Mozilla, Duck Dynasty, Chick-fil-A, and the politicization of everything

Would you boycott a family dinner because your grandfather holds some politically incorrect views about welfare recipients? Or, would you uninvite a neighboring family from attending a block party after learning that they attend an evangelical church that upholds a traditional definition of marriage? Most reasonable people would say “no,” adhering to the old adage that it’s rude to talk politics in polite company.

Unfortunately, this rule of etiquette that has governed civil society for ages seems to be quickly evaporating in the world of commerce, as highlighted by the now notorious case of Mozilla CEO Brendan Eich. This impolite seed should be quickly uprooted before it sprouts into a world where everything is politicized.

The facts of the Brendan Eich case have been repeated throughout the news cycle ad infinitum over the past few weeks that many can repeat the facts by heart. The creator of JavaScript was appointed CEO of Mozilla recently, only to quickly resign after an outcry from the nonprofit’s employees over a $1,000 donation he made to California’s Proposition 8 campaign in 2008 — a successful ballot initiative that defined marriage between a man and a woman.

However, Eich is not the only person who has been under fire recently for controversial political views regarding LGBT rights. Chick-Fil-A CEO Dan Cathy faced similar protests after making statements opposing same-sex marriage in 2012. Even more recently, Duck Dynasty’s Phil Robertson made controversial comments to GQ in December 2013 on gay marriage and race relations that led to the star being temporarily suspended by the show.

At first glance, such calls to boycott may seem reasonable. After all, freedom of speech and associations are hallmarks of American society. Just as Eich, Cathy, and Robertson had the right to express their opinions on gay marriage, so too do LGBT individuals and allies have the right to express their discontent and the right to not associate with each figure’s product in the marketplace.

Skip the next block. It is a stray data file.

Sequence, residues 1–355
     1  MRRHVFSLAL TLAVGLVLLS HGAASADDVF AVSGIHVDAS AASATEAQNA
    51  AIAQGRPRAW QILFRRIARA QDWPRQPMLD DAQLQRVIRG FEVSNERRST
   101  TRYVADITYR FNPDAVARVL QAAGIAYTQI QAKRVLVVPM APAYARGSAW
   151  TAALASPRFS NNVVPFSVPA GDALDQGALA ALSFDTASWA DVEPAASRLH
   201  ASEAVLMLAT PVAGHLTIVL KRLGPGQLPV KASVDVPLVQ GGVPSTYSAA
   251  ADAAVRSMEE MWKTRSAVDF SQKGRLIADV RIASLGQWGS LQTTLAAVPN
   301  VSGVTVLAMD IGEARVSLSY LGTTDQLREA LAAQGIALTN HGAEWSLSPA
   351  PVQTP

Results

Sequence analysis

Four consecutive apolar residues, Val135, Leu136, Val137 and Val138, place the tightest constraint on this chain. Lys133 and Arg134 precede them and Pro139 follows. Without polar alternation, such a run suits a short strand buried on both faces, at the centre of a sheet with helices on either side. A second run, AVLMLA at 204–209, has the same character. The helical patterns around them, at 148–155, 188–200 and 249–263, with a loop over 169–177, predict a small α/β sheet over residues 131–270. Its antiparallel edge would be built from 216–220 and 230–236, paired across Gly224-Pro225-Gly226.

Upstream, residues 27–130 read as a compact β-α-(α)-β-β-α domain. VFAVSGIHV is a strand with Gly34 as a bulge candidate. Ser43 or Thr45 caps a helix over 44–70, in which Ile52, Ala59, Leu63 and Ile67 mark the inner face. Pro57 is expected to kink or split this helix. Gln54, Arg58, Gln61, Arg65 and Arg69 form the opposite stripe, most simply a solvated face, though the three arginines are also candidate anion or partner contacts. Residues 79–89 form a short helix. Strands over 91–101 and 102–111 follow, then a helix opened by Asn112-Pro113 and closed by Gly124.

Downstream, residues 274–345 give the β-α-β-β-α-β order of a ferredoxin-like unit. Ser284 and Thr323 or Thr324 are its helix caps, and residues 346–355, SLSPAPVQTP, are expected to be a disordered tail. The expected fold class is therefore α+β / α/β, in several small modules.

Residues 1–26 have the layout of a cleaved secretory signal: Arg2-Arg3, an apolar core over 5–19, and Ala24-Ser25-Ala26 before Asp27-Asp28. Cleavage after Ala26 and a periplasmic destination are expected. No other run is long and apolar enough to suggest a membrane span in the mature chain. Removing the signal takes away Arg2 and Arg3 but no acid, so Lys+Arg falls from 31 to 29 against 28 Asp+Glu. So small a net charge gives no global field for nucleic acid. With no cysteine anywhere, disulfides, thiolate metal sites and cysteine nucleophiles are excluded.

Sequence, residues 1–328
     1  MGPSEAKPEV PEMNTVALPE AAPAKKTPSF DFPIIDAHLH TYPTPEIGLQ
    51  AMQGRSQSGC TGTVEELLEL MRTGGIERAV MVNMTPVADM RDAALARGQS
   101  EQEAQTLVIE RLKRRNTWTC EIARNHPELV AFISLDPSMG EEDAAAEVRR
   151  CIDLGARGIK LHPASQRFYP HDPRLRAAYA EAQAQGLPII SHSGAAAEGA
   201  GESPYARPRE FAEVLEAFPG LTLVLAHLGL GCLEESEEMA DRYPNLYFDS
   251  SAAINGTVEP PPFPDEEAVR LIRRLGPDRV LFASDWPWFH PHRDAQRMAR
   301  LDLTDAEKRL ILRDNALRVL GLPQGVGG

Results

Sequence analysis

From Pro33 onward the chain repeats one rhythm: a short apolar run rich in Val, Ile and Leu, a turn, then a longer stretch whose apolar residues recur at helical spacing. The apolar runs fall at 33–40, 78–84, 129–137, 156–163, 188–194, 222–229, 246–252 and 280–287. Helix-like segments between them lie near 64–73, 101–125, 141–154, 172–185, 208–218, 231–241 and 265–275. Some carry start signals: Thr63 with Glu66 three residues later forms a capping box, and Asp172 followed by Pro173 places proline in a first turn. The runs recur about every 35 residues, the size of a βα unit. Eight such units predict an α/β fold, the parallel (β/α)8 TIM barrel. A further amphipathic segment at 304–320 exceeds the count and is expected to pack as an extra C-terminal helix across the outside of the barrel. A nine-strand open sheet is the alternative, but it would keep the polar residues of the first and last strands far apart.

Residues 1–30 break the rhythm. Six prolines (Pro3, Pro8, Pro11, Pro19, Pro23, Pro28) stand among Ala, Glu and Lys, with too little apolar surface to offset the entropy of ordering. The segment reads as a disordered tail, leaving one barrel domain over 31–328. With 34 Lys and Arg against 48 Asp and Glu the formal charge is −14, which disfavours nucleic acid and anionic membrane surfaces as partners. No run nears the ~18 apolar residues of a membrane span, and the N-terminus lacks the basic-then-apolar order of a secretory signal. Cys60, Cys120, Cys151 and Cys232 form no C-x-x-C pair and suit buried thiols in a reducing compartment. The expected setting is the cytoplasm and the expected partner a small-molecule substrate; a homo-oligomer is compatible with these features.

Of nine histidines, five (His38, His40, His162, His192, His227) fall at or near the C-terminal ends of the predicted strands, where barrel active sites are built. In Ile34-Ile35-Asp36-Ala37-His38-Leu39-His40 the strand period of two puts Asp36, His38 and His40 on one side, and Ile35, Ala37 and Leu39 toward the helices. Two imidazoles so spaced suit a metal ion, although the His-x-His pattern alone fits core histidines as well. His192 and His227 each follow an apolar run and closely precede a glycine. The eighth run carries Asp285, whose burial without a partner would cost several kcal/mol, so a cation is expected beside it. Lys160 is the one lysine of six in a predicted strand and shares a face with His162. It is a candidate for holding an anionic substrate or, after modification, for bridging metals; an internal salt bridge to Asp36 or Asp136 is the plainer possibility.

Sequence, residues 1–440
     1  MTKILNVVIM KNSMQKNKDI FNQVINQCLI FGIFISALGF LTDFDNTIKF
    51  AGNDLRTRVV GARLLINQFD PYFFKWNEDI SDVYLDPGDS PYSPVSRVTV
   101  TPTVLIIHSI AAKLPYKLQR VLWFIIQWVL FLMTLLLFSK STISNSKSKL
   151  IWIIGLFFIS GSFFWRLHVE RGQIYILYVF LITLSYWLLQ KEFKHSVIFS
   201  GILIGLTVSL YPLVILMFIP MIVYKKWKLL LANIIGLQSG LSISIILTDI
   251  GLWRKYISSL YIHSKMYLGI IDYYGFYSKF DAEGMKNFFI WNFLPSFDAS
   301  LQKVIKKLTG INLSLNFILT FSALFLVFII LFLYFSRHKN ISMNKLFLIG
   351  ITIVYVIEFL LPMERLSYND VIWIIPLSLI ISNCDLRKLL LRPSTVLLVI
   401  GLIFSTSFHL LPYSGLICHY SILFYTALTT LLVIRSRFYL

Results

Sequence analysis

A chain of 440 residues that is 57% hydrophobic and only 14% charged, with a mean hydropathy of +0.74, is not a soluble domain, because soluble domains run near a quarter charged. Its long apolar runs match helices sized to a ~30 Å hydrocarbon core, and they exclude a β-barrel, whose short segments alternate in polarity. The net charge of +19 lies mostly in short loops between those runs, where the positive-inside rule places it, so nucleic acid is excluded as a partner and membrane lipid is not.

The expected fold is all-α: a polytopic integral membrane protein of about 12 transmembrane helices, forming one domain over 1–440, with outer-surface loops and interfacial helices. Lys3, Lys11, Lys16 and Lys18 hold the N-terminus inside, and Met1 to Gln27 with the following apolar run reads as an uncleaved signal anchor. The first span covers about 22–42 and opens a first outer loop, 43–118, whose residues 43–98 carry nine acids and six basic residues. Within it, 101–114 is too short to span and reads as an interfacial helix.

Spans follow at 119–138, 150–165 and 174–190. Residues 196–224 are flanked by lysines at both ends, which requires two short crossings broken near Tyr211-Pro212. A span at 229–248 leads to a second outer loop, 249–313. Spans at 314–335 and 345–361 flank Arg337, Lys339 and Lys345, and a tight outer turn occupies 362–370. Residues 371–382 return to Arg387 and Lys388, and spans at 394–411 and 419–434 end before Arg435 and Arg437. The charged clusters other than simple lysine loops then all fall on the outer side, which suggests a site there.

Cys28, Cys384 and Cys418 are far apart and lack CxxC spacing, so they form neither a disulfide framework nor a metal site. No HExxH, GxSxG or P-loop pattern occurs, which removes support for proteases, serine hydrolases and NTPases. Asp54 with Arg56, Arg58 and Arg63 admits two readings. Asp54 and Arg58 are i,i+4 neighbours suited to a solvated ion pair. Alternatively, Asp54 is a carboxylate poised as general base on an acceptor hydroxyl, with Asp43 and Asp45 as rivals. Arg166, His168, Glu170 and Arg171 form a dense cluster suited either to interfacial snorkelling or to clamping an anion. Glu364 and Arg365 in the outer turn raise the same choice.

After all, boycotts have a rich history of prompting social change. The boycott of Woolworth’s lunch counters in the early 1960s led to the department store desegregating its services free of government action. However, there is a major distinction between these famous examples of historical boycotts and contemporary calls to protest anti-gay views.

Whereas protestors of the past objected to discriminatory policies that private entities like Woolworths enforced, today’s protesters object to the political views held by such entities’ leadership. In fact, both Eich and Cathy have assured the public that their companies will not discriminate against gays. Yet, this assurance has fallen to empty ears because the protests are fundamentally not about policy, but about thought.

Again, a reasonable case can be made for such conscious consumption at first glance. After all, a dollar spent by an LGBT individual or ally at a company whose leadership opposes gay rights is partly a dollar spent against gay rights. Yet, this view is much too simplistic since there are many employees in any given company’s chain of leadership — not to mention the customers they feed and supply chain they purchase from.

It seems unlikely, for instance, that a vast majority of employees or even customers of Chick-Fil-A are homophobic. So, what good would come of a boycott of Chick-Fil-A, especially since the company does not engage in discriminatory practices? Conscious consumerism is nearly impossible since every organization inevitably consists of people with beliefs the consumer agrees and disagrees with.